At a conference organized by Credo Cymru, the body representing traditionalist beliefs in the Church in Wales, the Bishop of Gloucester, the Rt Revd Rachel Treweek, has spoken about living with diversity over women’s ordination. ‘Key to my experience of living the English diversity in a healthy way’ she said, ‘has been a commitment to intentional relationship and mutual flourishing, and a willingness to live with hopeful imagination.’
The conference, ‘That Nothing Be Lost: A Conference to Preserve the Breadth of Welsh Anglicanism’, was held in Cardiff on 21-22 September and attended by the Archbishop of Wales. It was characterized by diversity: the 34 participants (27 from Wales, 7 from England) included women ordained to all three orders, bishops and priests representing a range of views on women’s ordination, and lay members (predominantly female) of Credo Cymru.
The conversations were characterized by openness, honesty and listening, and a relaxed atmosphere. Both ordained women and traditionalists spoke of a new feeling of affirmation from those with whom they disagreed.
In opening presentations, the Ven. Dr Will Strange (Archdeacon of Ceredigion and Vice-Chair of the Evangelical Fellowship in the Church in Wales) spoke of the ‘silencing of the catholic voice’. Canon Joanna Penberthy called for ‘a conversation about how we work together’ but noted the significance of a cultural context opposed to discrimination. Fr Ben Rabjohns hoped not for comfort, or to be able to ignore the decision to ordain women as bishops, but – as a 30-year-old incumbent – for the security and certainty of a long-term future that were essential for traditionalists to be able to flourish. As a priest, he needed episcopal ministry that involved a continuing relationship, not just occasional episcopal acts.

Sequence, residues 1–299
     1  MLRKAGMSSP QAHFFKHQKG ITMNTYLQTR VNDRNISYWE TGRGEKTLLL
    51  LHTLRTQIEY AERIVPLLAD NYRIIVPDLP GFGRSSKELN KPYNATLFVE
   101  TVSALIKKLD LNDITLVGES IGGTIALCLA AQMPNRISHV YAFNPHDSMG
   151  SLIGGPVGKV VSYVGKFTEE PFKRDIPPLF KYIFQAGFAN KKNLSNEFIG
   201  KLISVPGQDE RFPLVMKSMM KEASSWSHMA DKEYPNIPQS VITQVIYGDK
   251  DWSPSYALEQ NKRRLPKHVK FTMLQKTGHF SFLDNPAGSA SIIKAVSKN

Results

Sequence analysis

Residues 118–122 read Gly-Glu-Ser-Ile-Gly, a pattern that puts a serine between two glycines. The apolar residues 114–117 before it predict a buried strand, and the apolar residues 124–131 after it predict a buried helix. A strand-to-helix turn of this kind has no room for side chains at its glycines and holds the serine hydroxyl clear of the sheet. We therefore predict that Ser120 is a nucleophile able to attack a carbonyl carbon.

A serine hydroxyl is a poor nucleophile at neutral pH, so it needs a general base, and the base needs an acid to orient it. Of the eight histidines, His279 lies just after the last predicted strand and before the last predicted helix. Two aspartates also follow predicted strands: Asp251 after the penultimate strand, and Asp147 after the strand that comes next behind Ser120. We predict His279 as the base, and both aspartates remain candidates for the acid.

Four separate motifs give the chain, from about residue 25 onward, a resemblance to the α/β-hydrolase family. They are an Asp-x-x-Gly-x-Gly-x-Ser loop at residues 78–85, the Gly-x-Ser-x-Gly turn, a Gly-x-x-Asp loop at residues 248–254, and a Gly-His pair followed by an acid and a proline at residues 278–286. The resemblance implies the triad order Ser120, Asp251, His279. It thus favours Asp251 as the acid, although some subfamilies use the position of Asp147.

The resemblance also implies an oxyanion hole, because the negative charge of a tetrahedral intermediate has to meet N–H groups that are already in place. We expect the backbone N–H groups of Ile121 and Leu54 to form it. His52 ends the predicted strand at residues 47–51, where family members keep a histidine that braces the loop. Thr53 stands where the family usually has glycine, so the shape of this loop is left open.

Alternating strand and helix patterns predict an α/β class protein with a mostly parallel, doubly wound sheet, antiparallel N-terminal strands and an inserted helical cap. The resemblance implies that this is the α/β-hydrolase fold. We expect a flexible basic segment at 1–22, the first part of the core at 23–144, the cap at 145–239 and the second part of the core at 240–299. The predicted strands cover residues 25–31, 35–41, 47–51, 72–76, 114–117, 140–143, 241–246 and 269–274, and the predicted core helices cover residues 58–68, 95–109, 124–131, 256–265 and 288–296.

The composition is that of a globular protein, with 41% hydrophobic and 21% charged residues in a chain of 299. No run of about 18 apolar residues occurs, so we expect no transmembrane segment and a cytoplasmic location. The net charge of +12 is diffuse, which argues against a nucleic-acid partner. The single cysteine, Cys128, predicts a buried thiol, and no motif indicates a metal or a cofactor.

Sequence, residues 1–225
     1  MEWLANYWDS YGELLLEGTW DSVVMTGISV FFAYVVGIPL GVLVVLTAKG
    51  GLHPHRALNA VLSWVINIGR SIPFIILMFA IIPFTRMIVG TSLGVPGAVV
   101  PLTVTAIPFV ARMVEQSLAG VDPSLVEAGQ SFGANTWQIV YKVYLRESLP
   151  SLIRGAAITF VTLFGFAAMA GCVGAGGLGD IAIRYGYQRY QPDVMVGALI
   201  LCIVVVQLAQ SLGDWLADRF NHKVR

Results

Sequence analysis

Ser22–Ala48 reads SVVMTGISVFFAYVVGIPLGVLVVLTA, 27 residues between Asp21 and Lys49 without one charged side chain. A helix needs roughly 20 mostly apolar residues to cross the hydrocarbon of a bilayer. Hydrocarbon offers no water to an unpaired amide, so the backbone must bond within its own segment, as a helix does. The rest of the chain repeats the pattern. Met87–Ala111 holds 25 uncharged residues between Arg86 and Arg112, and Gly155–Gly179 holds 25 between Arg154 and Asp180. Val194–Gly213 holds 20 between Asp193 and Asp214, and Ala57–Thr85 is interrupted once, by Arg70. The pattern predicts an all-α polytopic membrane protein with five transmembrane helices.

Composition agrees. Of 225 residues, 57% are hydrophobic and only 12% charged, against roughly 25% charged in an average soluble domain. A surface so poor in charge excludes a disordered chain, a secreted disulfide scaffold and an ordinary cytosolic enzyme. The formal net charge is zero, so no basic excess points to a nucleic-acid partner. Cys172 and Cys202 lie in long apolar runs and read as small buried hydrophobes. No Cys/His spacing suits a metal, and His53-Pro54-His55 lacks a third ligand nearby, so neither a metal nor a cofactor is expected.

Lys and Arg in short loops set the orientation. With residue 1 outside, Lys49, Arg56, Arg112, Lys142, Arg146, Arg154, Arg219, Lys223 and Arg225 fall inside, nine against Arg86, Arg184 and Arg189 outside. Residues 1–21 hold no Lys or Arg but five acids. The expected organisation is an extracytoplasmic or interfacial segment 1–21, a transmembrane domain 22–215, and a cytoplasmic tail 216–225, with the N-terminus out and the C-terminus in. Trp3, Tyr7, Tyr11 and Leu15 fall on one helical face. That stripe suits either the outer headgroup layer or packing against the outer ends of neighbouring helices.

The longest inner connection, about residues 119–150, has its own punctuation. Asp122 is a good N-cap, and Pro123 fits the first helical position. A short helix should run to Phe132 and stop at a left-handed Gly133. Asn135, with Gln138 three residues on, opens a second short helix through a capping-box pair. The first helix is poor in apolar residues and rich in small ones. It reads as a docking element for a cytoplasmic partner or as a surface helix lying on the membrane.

In his keynote address, the Bishop of St Asaph, the Rt Revd Gregory Cameron, asked ‘hard questions’. Did the Church in Wales really mean what it said in the canon enabling women to be bishops – that traditionalists should be given ‘a sense of security in their accepted and valued place within the Church in Wales’? Did traditionalists really want to be in communion with the Bench of Bishops? He thought it ‘very, very unlikely’ that the Church in Wales would establish any form of supplemental episcopal ministry, but recognized that traditionalists needed a corporate life. He encouraged them to explore ‘double belonging’: loyal both to the fellowship of their diocese (with canonical obedience to the diocesan bishop) and to their own (non-political) fellowship (with ‘affective loyalty’ to a bishop, whose friendship, trust and relationships with the Bench of Bishops would be crucial).
Participants expressed commitment to continuing and extending the conversation in the dioceses and at the provincial level, possibly with facilitation. Building trust and reconciliation would require honesty (not least about past wounds on both sides), a willingness to listen, and a mutually gracious and affirming spirit. Existing friendships and our relationship within the Body of Christ would shape the context. The diversity of the Church in Wales was something to be valued.
The Chairman of Credo Cymru, Canon Jeffrey Gainer, said, ‘This was an opportunity for heart to speak to heart with integrity and charity. We are grateful to those of different views for their courage and generosity in coming to talk with us. I hope that the conversation will continue, drawing in others, and begin to transform our situation in the Church in Wales.’
Papers from the conference may be found at www.credocymru.com/news